Nick Leddy, who was acquired by Bowman from Minnesota for Cam Barker while playing at the University of Minnesota during the last Cup run, is only 22 and shows a world of promise.

Marcus Kruger, who, like Shaw, was a fifth round pick, was paired with Michael Frolik on the top penalty kill unit for the Hawks that was outstanding throughout the year. But as a fourth line center, his payday isnít likely to be one that costs the organization a key move this summer. He turned 23 at the end of May.

When the Hawks raise the organizationís fifth banner in October, a couple players might not be back. Veterans like Ray Emery, Jamal Mayers, Rozsival and Handzus wonít likely be back, and the team will have to make decisions quickly regarding unrestricted free agents Viktor Stalberg and playoff hero Bryan Bickell.

But Bowman has done a strong job of building depth in his organization just as he did with the roster that is bringing the Cup back to Chicago.

When Bowman took control of the Blackhawks, the organizational depth was minimal (read: non-existent). The top prospects in Rockford in 2010 were Bickell, Jack Skille (who was traded for Michael Frolik), Brian Connelly, and Kyle Beach.

Ben Smith made an appearance in the Cup Final after scoring 27 goals in 54 games in Rockford this year. Heíll turn 25 in mid-July, but has some good NHL postseason experience already (scored three goals against Vancouver in the 2011 playoffs).

Brandon Pirri led the AHL in assists and points this year, and could get a look as a potential second line center in the fall. Jeremy Morin, who was acquired from Atlanta in one of the post-2010 trades, had a strong season in Rockford and could factor into the mix as well. They scored 22 and 30 goals, respectively, in Rockford this year.

Jimmy Hayes, acquired from Toronto after the Blackhawks drafted his younger brother Kevin in the first round in 2010, could be the next big body in Chicago. Heíll turn 23 in November, but at 6-6 and 221 pounds has the body to take up a lot of space at the next level.

Adam Clendening made the jump from Boston University to Rockford this year and was an AHL all-star. The organization thinks highly of him, and he could push for a roster spot in Chicago with Rozsival moving on this summer. He posted 46 points from the blue line in 73 games this year, and doesnít turn 20 until late October.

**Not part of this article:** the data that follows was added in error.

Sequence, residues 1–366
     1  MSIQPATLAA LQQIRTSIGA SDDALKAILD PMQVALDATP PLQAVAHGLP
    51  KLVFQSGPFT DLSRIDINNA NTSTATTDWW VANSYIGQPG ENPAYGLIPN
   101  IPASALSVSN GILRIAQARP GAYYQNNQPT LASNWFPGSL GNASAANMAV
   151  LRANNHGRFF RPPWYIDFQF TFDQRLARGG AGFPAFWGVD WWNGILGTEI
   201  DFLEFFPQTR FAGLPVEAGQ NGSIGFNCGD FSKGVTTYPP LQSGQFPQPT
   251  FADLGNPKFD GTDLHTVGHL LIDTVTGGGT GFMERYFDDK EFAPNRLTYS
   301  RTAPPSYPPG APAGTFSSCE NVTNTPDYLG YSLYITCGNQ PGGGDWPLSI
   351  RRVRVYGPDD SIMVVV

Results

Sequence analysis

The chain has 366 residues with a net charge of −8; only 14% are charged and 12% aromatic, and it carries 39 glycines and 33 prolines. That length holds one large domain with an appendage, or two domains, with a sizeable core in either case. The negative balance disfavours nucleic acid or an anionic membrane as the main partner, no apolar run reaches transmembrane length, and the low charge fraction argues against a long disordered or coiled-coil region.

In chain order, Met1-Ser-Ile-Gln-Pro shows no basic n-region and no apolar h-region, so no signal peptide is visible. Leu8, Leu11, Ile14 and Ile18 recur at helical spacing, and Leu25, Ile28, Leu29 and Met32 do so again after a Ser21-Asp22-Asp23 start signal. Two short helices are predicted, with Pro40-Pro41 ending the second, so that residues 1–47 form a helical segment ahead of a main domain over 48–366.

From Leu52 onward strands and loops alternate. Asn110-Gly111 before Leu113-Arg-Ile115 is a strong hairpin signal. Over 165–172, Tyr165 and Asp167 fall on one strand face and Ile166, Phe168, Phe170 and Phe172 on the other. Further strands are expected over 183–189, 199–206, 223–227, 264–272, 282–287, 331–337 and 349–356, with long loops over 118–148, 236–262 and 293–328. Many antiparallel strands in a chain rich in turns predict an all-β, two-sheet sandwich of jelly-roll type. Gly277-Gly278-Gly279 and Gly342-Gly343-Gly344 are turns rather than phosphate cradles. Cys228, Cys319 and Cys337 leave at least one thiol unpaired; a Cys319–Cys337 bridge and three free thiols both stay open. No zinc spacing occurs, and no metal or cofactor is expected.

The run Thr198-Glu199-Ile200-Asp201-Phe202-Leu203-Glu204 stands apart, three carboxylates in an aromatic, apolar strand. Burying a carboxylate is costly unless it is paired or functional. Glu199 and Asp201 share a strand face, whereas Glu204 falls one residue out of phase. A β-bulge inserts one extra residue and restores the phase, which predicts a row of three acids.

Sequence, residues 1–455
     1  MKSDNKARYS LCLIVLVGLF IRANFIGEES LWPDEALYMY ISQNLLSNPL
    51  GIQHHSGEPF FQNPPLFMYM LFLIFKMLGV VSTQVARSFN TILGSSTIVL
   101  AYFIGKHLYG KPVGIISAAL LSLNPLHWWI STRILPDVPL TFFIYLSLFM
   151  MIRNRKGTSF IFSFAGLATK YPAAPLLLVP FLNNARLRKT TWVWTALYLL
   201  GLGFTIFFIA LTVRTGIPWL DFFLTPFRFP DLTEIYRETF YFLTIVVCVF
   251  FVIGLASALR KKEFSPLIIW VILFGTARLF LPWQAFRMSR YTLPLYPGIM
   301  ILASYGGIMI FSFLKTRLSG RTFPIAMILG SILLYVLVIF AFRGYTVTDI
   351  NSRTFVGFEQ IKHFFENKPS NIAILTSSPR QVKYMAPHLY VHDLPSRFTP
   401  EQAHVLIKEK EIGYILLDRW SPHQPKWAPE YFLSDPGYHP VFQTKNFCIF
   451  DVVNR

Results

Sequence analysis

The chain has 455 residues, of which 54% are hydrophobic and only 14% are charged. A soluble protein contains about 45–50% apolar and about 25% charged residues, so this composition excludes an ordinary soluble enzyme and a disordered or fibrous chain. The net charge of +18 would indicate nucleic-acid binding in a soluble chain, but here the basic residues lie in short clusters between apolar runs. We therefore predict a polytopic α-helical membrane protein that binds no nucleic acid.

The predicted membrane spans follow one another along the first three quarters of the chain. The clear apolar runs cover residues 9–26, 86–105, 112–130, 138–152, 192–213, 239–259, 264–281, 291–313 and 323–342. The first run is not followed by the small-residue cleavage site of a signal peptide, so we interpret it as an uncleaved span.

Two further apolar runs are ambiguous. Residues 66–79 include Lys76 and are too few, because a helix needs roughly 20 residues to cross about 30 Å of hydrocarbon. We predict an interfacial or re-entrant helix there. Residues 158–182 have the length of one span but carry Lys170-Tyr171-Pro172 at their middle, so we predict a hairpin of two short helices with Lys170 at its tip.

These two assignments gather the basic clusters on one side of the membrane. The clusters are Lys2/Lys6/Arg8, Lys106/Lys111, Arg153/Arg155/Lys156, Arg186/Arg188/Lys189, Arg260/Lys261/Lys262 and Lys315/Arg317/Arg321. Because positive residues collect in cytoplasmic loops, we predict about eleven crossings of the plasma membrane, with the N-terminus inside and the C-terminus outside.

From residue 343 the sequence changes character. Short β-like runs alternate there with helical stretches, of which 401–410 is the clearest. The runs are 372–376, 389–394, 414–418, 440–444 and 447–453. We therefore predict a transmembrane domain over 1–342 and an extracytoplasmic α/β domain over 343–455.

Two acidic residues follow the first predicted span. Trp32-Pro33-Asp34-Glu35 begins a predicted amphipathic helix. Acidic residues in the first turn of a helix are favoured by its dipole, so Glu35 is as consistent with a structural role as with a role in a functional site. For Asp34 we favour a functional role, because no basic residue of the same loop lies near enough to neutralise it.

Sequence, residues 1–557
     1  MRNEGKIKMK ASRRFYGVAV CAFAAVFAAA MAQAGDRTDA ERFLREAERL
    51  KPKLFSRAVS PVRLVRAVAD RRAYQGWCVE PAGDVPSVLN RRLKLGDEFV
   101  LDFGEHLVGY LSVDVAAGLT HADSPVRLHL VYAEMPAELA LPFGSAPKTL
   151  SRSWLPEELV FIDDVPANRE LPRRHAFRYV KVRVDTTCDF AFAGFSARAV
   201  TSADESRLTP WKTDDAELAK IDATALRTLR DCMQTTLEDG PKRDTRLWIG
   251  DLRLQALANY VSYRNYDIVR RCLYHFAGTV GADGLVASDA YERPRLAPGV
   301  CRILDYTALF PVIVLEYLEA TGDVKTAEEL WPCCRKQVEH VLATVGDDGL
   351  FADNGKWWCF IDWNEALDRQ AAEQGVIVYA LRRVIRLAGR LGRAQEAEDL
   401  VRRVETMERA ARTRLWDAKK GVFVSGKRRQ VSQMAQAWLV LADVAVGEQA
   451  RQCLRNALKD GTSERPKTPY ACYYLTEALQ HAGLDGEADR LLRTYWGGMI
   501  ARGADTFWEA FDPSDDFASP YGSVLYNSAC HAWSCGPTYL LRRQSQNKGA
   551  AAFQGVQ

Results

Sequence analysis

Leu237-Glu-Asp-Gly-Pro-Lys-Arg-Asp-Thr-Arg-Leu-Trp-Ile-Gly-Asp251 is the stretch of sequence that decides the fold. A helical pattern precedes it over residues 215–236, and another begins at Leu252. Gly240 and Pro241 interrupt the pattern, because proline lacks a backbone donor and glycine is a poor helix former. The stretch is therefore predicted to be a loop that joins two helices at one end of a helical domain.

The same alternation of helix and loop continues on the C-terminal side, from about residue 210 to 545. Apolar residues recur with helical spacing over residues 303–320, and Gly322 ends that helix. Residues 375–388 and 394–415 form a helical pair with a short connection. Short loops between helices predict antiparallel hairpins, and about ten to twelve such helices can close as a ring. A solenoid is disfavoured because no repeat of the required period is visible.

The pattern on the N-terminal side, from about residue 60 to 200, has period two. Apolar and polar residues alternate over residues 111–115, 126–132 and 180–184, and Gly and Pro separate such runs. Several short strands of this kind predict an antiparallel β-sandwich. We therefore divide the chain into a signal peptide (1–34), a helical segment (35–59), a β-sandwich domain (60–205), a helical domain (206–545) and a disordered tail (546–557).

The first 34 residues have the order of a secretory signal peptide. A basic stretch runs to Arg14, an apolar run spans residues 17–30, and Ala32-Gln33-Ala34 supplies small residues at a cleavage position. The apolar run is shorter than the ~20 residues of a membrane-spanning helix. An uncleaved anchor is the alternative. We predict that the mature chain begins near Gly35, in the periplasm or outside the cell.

Bowman also inked one of the more intriguing prospects in Europe during these playoffs in netminder Antti Raanta. The 24-year-old had a .943 save percentage and five shutouts for Assat Pori (SM-liiga) and is likely to replace Emery behind Corey Crawford on the Hawksí depth chart in net.

And there are more prospects coming, as well. Last summerís top pick, Teuvo Teravainen, had a solid season for Jokerit (SM-liiga) and doesnít turn 19 until mid-September. Phillip Danault and Mark McNeill, the teamís two first round picks in 2011, will move to Rockford this fall after fantastic final junior campaigns. And defenseman Stephen Johns (listed at 6-4, 233) will play his final season at Notre Dame this winter.

There is a lot of good, young talent coming up with Chicago. Add that to a core that includes Toews (25), Kane (24) and Niklas Hjalmarsson (26) and the Blackhawks arenít exactly entering the twilight of their championship window.

Chicago is the standard once again, and could stay in the mix for years to come.

Tab Bamford is a Columnist for The Fourth Period Magazine. Be sure to follow him on Twitter.
 

SPEAK UP


 

 

ARCHIVES 
Jun. 03, 2013 Blackhawks strengthen goalie depth
Apr. 23, 2013 Top 10 Calder Candidates
Jan. 04, 2013 Buyouts for all!
Contact Us | Jobs @ TFP | Our Team | Advertise | Privacy Policy
© 2013 TFP Media, Inc. | All Rights Reserved | The Fourth Period™ and Ice Girls™ are registered trademarks.